The individual sections in northern Nevada were very monotonous and kilometre after kilometre dragged on. In addition to the boring driving, the daytime temperatures always climbed towards 40°C. To escape this heat, we were already on the lookout for the next elevation in the afternoon, where the evening temperatures were usually more pleasant for camping at night.
After the gold mining town of Berlin, it was not far to the Californian border. In Benton we finally reached the state that is a dream destination for many. At the customs check – California has strict food controls on vegetables, fruit and meat – we explained to the official, somewhat shyly, that we had our dinner with us and didn’t want to throw it away. With a wink, he let us go on our way to the Golden State. Whew, our dinner was saved!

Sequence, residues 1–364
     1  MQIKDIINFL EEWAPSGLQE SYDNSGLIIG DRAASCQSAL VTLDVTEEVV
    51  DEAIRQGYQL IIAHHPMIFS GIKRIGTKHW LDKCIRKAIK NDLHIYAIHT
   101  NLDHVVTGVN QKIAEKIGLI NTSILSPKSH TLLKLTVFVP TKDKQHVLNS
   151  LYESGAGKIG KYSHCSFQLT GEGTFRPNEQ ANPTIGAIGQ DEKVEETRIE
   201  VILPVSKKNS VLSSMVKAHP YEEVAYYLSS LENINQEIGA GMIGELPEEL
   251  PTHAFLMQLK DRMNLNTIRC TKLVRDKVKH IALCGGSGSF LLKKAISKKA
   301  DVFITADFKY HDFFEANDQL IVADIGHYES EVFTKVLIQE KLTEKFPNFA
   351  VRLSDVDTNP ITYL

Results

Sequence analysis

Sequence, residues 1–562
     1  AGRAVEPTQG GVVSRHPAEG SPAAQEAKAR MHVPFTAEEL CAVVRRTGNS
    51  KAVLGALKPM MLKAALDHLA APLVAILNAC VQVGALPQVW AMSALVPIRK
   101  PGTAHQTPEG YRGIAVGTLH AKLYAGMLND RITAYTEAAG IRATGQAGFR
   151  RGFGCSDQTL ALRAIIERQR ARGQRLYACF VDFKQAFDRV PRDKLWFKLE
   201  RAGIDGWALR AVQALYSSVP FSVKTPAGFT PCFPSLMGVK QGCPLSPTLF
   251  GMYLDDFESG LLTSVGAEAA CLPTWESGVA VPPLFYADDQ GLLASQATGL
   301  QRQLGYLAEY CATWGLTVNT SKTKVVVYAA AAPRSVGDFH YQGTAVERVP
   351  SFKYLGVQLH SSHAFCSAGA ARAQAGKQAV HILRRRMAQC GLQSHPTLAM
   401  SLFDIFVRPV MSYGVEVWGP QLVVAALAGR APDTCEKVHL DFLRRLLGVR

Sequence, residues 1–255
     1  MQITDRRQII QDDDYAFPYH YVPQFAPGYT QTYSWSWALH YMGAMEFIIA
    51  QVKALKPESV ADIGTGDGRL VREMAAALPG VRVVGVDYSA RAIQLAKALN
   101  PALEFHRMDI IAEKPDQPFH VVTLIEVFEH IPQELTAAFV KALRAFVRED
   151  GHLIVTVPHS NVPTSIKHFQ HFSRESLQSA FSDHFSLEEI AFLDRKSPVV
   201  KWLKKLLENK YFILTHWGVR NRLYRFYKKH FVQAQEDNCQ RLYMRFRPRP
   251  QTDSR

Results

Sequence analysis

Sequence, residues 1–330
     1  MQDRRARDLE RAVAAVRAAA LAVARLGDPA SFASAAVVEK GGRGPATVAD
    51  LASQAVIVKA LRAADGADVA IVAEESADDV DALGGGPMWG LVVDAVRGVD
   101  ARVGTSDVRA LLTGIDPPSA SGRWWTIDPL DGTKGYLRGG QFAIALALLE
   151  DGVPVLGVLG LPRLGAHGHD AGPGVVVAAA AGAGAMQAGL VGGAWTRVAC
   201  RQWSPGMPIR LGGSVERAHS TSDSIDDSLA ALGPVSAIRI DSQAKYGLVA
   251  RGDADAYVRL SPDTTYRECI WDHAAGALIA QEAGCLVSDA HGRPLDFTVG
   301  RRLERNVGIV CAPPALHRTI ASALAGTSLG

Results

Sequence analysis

At the next petrol station we wanted to fill a few gallons of diesel into our almost empty tank. My European credit card didn’t work at the pump and the clerk refused to pay cash; she was off duty now and the computer programme had already shut down. There was an open petrol station in 51 miles! Well, welcome to California.
We continued our journey with an almost empty tank, hoping that there really was diesel in Lee Vining. The 20 litres in the spare can gave us the courage to continue our journey. After all, we want to get over the mountains to Yosemite N.P. and on to the Rubicon Trail near Lake Tahoe as soon as possible.
Chantal & Tom/End of July 2023